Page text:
Fleming, H.J., and D.P. Hamilton 1999. On the origin of the Trojan asteroids: Effects of Jupiter's mass accretion and radial migration. Icarus, submitted.

We present analytic and numerical results which illustrate the effects of Jupiter's accretion of nebular gas and subsequent radial migration on its Trojan companions. We approximate the system by the planar circular restricted three-body problem, assume small Trojan libration amplitudes, and employ an adiabatic invariant calculation which shows that Jupiter's thirty-fold growth from a $10 M_\oplus$ core to its present mass causes the libration amplitudes of Trojan asteroids to decrease to $\sim 40\%$ of their original size. The calculation also shows that Jupiter's predicted inward radial migration of $\sim 1$ AU has comparatively little effect on the Trojans, causing an increase in their libration amplitudes of only $\sim 4\%$. In each case, the area enclosed by small tadpole orbits, if made dimensionless by using Jupiter's semi-major axis, is approximately conserved. Similar adiabatic invariant calculations for inclined and eccentric Trojans show that Jupiter's mass growth leaves the asteroids' eccentricities and inclinations essentially unchanged, while the planet's inward radial migration causes a $\sim 4\%$ increase in both of these quantities.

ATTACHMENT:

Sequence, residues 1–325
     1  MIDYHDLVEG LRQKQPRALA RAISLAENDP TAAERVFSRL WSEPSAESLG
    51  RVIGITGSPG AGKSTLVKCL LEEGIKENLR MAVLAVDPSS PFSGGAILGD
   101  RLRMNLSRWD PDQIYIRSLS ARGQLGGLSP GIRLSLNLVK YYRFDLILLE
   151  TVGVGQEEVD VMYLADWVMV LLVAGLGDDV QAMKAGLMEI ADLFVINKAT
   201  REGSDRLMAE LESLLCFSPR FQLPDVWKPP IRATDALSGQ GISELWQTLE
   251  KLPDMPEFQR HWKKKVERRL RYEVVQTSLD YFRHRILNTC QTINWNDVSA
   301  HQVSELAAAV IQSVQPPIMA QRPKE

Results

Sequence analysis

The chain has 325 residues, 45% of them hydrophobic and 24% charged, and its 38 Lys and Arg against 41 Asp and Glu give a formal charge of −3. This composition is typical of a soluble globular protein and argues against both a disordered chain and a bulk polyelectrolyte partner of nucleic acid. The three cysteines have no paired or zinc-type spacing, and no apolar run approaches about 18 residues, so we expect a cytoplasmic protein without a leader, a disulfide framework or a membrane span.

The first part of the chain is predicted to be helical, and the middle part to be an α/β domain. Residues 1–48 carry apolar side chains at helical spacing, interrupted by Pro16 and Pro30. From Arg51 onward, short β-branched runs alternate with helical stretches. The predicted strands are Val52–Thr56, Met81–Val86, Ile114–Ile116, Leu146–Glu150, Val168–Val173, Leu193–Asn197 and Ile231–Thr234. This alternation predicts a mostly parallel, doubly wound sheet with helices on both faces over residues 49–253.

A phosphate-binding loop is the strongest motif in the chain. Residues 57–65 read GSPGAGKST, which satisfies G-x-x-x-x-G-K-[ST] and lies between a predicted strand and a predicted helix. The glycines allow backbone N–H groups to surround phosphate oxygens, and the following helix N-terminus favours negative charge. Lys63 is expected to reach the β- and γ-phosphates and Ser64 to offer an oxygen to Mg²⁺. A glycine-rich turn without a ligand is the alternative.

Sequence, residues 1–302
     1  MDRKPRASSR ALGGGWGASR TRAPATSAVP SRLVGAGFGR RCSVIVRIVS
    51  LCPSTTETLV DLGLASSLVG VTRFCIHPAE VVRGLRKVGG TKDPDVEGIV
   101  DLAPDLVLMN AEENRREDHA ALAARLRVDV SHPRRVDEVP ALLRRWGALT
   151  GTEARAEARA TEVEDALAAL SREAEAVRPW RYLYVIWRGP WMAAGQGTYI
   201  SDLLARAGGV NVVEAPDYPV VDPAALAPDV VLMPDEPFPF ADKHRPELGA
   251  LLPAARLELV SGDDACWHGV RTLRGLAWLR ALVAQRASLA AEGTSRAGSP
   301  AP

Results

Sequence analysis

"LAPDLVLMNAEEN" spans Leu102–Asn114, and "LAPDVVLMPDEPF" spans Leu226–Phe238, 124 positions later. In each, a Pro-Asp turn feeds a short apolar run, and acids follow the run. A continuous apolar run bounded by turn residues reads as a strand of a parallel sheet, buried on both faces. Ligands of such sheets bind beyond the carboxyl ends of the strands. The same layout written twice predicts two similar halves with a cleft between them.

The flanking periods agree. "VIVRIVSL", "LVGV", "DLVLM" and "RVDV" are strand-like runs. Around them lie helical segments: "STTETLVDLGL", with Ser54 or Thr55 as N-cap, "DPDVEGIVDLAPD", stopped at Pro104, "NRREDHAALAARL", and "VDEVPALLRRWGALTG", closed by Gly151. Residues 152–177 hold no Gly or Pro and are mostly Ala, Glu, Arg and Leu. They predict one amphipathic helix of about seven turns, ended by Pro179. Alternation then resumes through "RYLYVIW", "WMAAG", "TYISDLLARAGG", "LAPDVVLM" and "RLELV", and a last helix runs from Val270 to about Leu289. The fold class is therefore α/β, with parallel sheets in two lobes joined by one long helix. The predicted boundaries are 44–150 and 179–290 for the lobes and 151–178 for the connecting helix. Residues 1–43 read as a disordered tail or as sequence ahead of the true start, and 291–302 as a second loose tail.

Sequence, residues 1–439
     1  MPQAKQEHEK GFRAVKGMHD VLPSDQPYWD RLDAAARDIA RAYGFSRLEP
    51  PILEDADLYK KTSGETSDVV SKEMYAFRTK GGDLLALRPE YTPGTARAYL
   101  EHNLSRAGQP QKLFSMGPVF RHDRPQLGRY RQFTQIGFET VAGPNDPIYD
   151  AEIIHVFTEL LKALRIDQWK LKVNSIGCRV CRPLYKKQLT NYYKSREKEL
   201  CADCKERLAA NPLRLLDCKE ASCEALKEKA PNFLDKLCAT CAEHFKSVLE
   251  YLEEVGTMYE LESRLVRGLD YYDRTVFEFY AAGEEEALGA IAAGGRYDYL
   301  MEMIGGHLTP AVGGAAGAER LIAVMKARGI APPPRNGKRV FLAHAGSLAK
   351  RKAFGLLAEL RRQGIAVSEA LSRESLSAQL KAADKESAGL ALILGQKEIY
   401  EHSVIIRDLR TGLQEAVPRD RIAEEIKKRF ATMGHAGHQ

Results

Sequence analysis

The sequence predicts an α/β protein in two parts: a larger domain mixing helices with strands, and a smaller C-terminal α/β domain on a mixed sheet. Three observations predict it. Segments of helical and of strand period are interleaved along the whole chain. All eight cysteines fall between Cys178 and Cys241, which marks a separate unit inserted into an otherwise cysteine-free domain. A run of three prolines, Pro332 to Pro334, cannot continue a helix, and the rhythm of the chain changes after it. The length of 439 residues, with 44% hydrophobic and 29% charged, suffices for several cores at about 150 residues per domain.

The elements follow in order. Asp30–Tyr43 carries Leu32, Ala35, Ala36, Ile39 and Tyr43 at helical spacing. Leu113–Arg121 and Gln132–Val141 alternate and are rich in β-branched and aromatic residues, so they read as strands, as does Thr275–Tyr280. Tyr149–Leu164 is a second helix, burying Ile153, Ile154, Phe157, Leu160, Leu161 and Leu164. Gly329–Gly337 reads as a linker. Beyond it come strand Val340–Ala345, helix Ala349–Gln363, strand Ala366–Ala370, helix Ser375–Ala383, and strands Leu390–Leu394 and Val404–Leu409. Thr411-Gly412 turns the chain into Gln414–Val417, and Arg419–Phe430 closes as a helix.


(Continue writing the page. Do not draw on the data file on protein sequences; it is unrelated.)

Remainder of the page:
Numerical integrations confirm and extend these analytic results. We demonstrate that our predictions remain valid for Trojans with small libration amplitudes even when the asteroids have low, but nonzero, eccentricities and inclinations and/or Jupiter has an eccentricity similar to its present value. The integrations also show that Trojans with large libration amplitudes, including horseshoe orbits, are even more strongly affected by Jupiter's mass growth and radial migration than simple scaling from our analytic results would suggest. Further, the numerical runs demonstrate that Jupiter's predicted mass growth is sufficient to cause the capture of asteroids initially on horseshoe orbits into stable tadpole orbits. Thus, if Jupiter captured most of its Trojan companions before or while it accreted gas, as seems probable, then Jupiter's growth played a significant role in stabilizing Trojan objects by systematically driving them to lower libration amplitudes.

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